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For more information regarding the coronavirus as it relates to the Chickasaw Nation, please visit our information pages below. We will continue to update these pages regularly as the situation progresses. Thank you for your understanding during this time.

News > Press Releases > Press Release

Press Release

Release Date: May 18, 2006

Chickasaw Nation Media Relations Office

Many public health authorities are concerned that the made-for-TV movie titled "Fatal Contact: Bird Flu in America" aired Tuesday May 9 by the ABC television network may cause undue panic.

Authorities stress the fact that the movie is a fictional account of an outbreak of avian influenza and not a documentary.

The U.S. Department of Health and Human Services stresses that the movie "is a work of fiction designed to entertain and not a factual accounting of a real world event."

It is important to note that there is no widespread outbreak of avian influenza ("flu pandemic") at this time.

Avian influenza (H5N1 virus) has not appeared in the U.S.

Avian influenza is almost exclusively a disease of birds.

According to the World Health Organization, only 207 confirmed cases of the disease have been reported worldwide since 2003.

Virtually all cases of humans contracting the disease are a result of contact with infected birds.

Arrival of the H5N1 virus in the U.S. would not mean the start of a pandemic.

For a pandemic to begin, the H5N1 virus would have to mutate into a form which is easily transmitted from human to human.

Health organizations and governments worldwide are monitoring the virus and preparing for the possibility of a pandemic.

While there is no pandemic at this time, it is important for everyone to prepare for a possible outbreak because some community businesses and services could be disrupted or closed, including:

Below are some suggestions from the U.S. Department of Health and Human Services which will help individuals prepare for a flu pandemic or other emergency which might interrupt normal business activities.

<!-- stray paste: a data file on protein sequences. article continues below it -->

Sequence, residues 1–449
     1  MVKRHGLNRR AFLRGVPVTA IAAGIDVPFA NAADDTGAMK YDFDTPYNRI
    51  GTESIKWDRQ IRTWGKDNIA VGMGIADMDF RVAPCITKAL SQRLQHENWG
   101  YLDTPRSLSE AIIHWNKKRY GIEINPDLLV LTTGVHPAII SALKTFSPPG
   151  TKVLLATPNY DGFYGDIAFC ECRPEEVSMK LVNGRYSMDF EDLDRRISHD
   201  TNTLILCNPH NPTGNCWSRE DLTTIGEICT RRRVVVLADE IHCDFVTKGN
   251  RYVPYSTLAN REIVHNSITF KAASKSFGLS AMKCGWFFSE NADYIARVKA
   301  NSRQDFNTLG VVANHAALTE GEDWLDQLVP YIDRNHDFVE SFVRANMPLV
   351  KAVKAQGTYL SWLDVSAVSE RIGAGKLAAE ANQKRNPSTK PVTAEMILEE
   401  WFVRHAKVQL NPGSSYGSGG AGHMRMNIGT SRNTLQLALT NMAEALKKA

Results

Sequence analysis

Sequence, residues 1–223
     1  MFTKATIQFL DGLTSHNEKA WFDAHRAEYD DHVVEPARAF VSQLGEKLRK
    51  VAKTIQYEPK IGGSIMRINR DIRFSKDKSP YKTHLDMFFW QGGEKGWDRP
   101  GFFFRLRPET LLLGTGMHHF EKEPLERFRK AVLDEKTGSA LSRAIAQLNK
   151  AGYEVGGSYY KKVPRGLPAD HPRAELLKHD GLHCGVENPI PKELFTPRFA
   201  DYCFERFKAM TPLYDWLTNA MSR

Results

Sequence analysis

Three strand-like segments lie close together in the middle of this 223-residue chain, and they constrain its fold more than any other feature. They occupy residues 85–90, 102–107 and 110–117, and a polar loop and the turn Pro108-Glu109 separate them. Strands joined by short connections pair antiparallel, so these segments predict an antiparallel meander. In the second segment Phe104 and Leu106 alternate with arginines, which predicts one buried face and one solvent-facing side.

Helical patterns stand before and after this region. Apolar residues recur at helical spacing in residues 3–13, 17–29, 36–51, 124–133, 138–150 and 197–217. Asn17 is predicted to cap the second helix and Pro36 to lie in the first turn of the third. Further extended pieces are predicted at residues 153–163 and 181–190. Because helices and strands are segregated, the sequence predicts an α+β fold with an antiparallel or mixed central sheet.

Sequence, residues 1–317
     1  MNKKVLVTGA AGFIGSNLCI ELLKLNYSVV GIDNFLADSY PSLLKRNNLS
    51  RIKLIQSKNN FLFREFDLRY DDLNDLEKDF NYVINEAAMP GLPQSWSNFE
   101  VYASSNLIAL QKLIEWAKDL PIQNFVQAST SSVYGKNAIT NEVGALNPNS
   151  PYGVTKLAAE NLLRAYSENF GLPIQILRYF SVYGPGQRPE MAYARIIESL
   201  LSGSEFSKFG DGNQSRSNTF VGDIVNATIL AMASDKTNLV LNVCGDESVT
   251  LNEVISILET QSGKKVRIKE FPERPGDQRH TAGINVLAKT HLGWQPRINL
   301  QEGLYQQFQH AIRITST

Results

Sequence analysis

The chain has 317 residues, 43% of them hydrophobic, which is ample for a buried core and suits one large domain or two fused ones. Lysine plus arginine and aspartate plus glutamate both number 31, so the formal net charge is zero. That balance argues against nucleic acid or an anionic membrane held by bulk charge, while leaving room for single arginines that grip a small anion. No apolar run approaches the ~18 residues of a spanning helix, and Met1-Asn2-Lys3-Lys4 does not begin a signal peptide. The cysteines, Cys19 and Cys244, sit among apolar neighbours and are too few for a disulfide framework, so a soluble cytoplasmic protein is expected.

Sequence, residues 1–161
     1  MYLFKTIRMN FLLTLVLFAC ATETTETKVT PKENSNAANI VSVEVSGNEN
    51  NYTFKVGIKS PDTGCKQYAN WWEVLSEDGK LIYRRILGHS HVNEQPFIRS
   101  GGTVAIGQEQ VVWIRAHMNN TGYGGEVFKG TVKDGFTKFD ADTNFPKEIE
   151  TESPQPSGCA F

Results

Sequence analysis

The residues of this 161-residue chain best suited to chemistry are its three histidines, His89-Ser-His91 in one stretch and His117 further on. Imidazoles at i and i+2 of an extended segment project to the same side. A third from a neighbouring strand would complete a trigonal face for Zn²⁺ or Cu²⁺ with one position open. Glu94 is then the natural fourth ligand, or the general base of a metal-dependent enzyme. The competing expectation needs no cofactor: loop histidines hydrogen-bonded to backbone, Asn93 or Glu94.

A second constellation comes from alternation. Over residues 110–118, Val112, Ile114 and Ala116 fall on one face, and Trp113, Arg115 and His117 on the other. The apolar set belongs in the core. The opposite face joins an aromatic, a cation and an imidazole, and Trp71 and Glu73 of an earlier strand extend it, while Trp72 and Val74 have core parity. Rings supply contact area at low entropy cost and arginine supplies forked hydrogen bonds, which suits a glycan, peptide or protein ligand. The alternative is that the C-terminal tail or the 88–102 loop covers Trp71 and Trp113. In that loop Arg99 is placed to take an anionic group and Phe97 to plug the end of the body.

More information is available at

Pandemic Flu Planning Checklist for Individuals and Families

You can prepare for an influenza pandemic now. You should know both the magnitude of what can happen during a pandemic outbreak and what actions you can take to help lessen the impact of an influenza pandemic on you and your family. This checklist will help you gather the information and resources you may need in case of a flu pandemic.

1. To plan for a pandemic:

2. To limit the spread of germs and prevent infection:

3. Items to have on hand for an extended stay at home:

Examples of food and non-perishables

Examples of medical, health, and emergency supplies

Ready-to-eat canned meats, fruits, vegetables, and soups

Prescribed medical supplies such as glucose and blood-pressure monitoring equipment

Protein or fruit bars

Soap and water, or alcohol-based hand wash

Dry cereal or granola

Medicines for fever, such as acetaminophen or ibuprofen

Peanut butter or nuts


Dried fruit

Anti-diarrheal medication



Canned juices

Fluids with electrolytes

Bottled water

Cleansing agent/soap

Canned or jarred baby food and formula


Pet food



Portable radio


Manual can opener


Garbage bags


Tissues, toilet paper, disposable diapers

Family Emergency Health Information Sheet

It is important to think about health issues that could arise if an influenza pandemic occurs, and how they could affect you and your loved ones. For example, if a mass vaccination clinic is set up in your community, you may need to provide as much information as you can about your medical history when you go, especially if you have a serious health condition or allergy.

Create a family emergency health plan using this information. Fill in information for each family member in the space provided. Like much of the planning for a pandemic, this can also help prepare for other emergencies.

Family Member Information:

Family Member

Blood Type


Past/ Current Medical Conditions

Current Medications/ Dosages


























Emergency Contacts Form

Local personal emergency contact


Out-of-town personal emergency contact




Family physician(s)


State public health department
(See list on




Employer contact and emergency information


School contact and emergency information


Religious/spiritual organization